OTTAWA -- Canada’s Chief Public Health Officer Dr. Theresa Tam says “active” discussions are underway with various countries, including the U.S., to permit the entry of Canadians with mixed COVID-19 vaccine doses.

Tam said the Public Health Agency of Canada (PHAC) has been presenting data to colleagues internationally on the effectiveness of a mixed-dose schedule, such as a dose of AstraZeneca followed by a dose of Moderna or Pfizer.

“Those [discussions] are progressing pretty well. But every country is trying to figure out right now the vaccine requirements, and the U.S. … is just beginning to pull together their policy,” she said, speaking to reporters during a COVID-19 briefing on Friday.

The U.S. Centers for Disease Control and Prevention website currently states that data on the safety and efficacy of a mixed-product series is limited, and that both doses of the series should be completed with the same product.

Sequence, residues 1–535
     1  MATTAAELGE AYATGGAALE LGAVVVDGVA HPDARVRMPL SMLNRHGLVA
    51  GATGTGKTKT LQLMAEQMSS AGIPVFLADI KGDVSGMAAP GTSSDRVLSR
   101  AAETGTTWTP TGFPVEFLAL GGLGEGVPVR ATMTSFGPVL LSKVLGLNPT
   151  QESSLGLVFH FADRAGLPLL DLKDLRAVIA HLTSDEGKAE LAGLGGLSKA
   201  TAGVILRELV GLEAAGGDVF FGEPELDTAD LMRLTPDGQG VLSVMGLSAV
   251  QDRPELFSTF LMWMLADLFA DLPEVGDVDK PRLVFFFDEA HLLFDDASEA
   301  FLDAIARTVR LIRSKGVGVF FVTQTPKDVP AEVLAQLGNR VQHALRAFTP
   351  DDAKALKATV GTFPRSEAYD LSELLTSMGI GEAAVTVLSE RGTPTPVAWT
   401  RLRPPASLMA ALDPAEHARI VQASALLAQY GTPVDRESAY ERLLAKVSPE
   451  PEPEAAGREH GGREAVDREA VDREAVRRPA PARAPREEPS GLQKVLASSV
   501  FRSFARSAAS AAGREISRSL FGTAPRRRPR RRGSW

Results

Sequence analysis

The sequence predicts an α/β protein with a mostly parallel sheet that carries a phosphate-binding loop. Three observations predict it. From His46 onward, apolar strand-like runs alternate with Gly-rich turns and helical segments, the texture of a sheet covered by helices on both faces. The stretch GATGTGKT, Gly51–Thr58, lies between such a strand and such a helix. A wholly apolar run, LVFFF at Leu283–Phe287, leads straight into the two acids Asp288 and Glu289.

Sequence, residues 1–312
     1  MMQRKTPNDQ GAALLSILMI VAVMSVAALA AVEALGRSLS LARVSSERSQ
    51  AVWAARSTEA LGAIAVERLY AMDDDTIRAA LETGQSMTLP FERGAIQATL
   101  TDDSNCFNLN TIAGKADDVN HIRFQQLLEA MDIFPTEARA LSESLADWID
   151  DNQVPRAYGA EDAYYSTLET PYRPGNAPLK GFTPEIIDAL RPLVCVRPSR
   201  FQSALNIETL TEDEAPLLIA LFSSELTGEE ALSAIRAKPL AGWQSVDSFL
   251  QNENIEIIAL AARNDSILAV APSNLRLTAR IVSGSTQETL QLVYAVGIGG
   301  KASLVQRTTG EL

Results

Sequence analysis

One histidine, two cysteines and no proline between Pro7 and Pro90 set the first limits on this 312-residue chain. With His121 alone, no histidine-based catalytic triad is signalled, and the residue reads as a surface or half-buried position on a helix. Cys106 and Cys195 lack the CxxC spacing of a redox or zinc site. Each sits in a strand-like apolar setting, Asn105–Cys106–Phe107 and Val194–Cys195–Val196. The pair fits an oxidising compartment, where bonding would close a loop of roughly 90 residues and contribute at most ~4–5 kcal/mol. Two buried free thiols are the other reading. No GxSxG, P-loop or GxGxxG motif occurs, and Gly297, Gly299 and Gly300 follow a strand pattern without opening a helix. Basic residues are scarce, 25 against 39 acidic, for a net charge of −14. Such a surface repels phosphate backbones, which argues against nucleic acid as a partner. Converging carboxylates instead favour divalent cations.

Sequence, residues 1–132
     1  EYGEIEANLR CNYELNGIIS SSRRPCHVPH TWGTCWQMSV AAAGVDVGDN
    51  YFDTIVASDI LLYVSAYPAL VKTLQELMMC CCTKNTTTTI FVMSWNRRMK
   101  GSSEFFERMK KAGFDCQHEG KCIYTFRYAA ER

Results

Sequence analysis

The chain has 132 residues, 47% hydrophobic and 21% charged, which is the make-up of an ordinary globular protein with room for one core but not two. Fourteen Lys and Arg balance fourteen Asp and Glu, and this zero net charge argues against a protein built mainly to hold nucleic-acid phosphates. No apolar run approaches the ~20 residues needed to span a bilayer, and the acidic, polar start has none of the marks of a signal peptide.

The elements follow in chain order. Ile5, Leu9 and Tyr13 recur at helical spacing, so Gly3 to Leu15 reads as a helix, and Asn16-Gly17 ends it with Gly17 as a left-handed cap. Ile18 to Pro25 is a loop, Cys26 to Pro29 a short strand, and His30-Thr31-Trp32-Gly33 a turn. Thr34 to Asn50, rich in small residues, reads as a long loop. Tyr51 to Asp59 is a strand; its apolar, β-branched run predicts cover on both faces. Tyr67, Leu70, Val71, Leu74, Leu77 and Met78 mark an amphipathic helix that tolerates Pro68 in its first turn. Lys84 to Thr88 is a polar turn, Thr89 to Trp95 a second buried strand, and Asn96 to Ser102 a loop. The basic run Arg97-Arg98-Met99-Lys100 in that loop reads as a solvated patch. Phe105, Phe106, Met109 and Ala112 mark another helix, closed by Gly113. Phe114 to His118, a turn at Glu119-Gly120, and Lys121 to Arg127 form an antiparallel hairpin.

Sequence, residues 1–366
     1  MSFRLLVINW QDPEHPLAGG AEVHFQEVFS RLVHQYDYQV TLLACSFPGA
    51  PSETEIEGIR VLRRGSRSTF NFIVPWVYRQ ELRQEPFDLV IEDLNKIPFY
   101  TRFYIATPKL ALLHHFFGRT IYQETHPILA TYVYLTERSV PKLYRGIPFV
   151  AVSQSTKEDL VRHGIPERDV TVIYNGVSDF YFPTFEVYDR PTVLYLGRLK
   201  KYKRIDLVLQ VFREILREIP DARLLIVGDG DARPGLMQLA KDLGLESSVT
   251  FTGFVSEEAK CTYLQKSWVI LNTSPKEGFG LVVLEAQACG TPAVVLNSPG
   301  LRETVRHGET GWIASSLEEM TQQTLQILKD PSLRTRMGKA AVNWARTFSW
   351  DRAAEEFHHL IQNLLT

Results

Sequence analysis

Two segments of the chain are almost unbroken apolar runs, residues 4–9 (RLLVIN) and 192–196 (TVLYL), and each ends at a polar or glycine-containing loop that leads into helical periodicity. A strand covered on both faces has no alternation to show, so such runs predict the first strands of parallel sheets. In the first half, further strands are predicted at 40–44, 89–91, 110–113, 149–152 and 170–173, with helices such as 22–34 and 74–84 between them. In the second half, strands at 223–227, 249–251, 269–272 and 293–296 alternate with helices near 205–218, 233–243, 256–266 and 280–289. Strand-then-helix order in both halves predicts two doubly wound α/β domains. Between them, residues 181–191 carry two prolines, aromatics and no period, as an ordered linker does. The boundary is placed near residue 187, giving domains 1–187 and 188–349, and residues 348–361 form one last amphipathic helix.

Canadians can still fly to the U.S., if they have proof of a negative molecular or antigen COVID-19 test taken no more than three days before their departure flight.

Countries like France and Germany have promoted mixing vaccines to elicit a stronger immune response in citizens.

However, while other European Union member states recognize Vaxzevria, the European-manufactured version of AstraZeneca, some have not authorized COVISHIELD, the Indian-made version of the same vaccine that has also been used in Canada.

The World Health Organization hasn’t issued formal guidelines on mixing and matching doses, instead advising that that information come from individual public health agencies.

Tam said PHAC is doing “everything we can” to facilitate recognition of Canadians’ varied vaccine programs, but that those hoping to travel abroad should check with their destination country about its specific vaccination policies.

In Canada, more than three million AstraZeneca shots have been administered, more than 43 million Pfizer shots have been administered, and nearly 18 million Moderna shots have been administered.

With files from CTV News’ Nicole Bogart.